Saturday, July 17, 2004

"My wife has burned the scrambled eggs. The dog just bit my leg ...."

It all started when Rick wanted to to go kayaking on Wednesday. I haven't been in a kayak since the late 1980s, primarily because I associate kayaks with PAIN. The capital letters are no joke. While I enjoy the occasional leisurely afternoon in a two-person canoe, I can't seem to get the kayak motion right without every muscle in my shoulders and upper back seizing up and reacting as if someone has clubbed them with a sledgehammer. My last experience with a kayak involved a 12-mile trip down the Charles River and into Boston Harbor. My shoulders went into spasm during the first hundred yards or so. I finished the trip. I also bit a hole in my life vest.

As it happened, we didn't go kayaking, first of all because I agreed to try it for an hour or so, but the only rental place we could find charged a lot of money and rented the boats for a whole day. Whether or not we could make this arrangement worth its own while became moot when Rick stepped outside and discovered that the temperature had dropped by about 15 degrees Fahrenheit from what he expected. We decided that it was, after all, a better day for bicycling than for boating.

Now, when we had the old Colt, we started out with a rooftop bike rack. A few years back, this bike rack gave its life for the bikes on the day I drove into the garage without remembering that the rack was loaded. (Rick doesn't blame this on me at all. Each of us had come close to this same kind of disaster three or four times previously. The rack's number just happened to come up while I was at the wheel.) After that, we just started opening up the hatchback, putting the back seat down, and tossing the bikes into the rear. Unfortunately, the Colt is deceased, the trunk of the Mazda is the wrong size and shape for the task, and we really don't want to beat up the long-suffering Prizm any more right now.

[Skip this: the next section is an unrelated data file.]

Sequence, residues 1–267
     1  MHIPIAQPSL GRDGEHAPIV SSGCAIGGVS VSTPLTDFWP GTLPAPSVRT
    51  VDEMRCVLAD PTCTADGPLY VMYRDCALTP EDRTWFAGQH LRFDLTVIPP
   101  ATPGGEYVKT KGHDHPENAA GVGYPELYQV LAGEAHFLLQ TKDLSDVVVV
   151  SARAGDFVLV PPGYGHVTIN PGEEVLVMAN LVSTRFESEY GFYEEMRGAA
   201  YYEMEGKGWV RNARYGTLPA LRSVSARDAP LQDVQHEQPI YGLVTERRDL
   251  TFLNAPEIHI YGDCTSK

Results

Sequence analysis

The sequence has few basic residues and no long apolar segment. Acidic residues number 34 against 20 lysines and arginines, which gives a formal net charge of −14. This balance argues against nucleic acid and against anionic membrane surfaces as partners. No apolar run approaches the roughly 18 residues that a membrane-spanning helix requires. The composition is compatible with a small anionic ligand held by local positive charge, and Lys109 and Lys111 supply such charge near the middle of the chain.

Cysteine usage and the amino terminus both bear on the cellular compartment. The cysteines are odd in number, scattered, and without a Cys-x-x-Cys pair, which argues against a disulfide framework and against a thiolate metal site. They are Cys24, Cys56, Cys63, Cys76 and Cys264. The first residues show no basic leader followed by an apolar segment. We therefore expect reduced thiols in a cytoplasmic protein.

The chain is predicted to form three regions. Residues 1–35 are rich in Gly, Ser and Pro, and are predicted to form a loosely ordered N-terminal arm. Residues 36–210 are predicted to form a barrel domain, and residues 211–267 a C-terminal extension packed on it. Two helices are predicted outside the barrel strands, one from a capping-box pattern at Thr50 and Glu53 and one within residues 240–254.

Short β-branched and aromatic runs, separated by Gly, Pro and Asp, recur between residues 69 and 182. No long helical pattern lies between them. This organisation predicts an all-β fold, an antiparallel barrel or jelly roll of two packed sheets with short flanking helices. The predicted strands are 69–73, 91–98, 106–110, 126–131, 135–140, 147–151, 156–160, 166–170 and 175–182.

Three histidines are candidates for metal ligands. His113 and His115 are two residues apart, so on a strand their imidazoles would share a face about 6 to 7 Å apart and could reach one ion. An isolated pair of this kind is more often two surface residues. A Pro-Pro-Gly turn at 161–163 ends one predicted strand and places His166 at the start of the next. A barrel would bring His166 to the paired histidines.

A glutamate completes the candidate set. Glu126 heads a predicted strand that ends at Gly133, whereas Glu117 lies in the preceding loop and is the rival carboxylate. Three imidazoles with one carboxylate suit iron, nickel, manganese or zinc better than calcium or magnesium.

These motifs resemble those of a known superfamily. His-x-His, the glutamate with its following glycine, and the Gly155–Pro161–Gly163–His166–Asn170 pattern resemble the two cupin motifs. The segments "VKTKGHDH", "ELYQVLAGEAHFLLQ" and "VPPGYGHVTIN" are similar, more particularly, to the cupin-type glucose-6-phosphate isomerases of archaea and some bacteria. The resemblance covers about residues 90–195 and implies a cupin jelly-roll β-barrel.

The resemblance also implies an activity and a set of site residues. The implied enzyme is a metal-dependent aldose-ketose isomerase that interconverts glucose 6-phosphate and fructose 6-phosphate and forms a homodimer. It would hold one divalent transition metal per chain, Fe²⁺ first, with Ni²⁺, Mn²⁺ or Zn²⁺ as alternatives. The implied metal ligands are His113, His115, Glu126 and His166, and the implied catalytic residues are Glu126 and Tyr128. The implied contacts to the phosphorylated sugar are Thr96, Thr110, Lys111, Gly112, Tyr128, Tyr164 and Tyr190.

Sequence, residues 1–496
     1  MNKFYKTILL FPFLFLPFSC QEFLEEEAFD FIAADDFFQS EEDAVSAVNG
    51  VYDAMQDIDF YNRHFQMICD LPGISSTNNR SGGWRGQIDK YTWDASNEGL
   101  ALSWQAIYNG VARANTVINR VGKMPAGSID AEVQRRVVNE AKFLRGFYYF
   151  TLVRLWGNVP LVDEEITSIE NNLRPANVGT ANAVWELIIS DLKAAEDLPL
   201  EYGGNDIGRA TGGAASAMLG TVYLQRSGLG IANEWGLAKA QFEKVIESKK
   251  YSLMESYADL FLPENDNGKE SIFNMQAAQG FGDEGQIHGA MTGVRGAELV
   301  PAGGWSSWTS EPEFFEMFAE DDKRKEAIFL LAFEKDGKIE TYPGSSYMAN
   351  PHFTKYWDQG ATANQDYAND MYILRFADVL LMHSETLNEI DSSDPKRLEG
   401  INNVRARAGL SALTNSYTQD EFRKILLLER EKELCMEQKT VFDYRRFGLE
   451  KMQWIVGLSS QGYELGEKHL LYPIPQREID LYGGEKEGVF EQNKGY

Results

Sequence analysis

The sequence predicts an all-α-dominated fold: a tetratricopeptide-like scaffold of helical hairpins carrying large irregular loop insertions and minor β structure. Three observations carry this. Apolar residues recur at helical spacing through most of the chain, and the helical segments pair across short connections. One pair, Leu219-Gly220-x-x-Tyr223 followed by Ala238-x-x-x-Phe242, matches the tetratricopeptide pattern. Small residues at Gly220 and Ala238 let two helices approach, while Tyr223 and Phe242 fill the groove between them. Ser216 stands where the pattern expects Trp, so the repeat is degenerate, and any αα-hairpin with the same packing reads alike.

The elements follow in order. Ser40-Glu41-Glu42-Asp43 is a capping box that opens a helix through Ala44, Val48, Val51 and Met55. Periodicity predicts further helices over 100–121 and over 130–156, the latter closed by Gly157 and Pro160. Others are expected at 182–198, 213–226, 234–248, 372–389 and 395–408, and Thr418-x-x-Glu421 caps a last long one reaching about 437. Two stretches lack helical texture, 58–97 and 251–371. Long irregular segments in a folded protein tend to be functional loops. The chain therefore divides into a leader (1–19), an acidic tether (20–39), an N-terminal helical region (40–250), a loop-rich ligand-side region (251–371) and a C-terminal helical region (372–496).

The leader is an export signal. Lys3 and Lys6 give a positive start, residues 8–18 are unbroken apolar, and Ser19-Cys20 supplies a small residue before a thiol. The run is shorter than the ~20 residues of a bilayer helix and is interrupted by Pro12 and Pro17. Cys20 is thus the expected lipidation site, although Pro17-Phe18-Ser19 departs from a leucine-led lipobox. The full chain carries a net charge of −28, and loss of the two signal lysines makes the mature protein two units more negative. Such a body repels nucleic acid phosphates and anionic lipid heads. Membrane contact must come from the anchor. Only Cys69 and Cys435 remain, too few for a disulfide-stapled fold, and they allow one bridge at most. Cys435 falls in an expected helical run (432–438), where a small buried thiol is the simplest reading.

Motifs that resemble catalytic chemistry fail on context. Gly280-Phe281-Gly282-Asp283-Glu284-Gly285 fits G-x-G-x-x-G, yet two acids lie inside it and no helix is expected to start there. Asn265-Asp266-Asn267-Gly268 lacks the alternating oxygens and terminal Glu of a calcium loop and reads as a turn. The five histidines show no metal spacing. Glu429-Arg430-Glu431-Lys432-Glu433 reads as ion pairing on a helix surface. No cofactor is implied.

So, Rick dug around in the basement until he found the old bumper rack that we picked up long ago at a garage sale and had occasionally used to transport bikes on the back of the Mazda. He rigged up the rack and the bikes, and then started to back the car out of the garage. Unfortunately, our driveway slants slightly where it meets the street, and Rick started to hear a scraping noise as the bikes brushed the asphalt. He immediately slammed on the brakes to avoid injuring the bikes. Figuring that he'd need to fully rearrange the bike and racks, he pulled up the parking brake lever -- and then we heard a huge CLUNK as the brake mechanism gave way.

"And it would be okay ... on any other day."

Did I mention that all of this happened on Rick's 48th birthday?

Okay, we finally made it all work. We made an appointment for the Mazda to be repaired, rode the bikes through two miles of car-exhaust-choked Kalamazoo streets (ick!) to the Kal-Haven Trail, and then did enjoy a twelve-mile round trip among the flowers, birds, and butterflies of the Kal-Haven before braving the bumpy streets again on the way home. We celebrated further with a nice dinner in a new Indian restaurant, and continued the festivities the next day by seeing Fahrenheit 9/11 once more with Joyce and Pam. Sometimes it helps to think of a birthday as a season rather than a single day, I think; it definitely leaves room for a do-over.

(Lyrics to On Any Other Day by Stewart Copeland)


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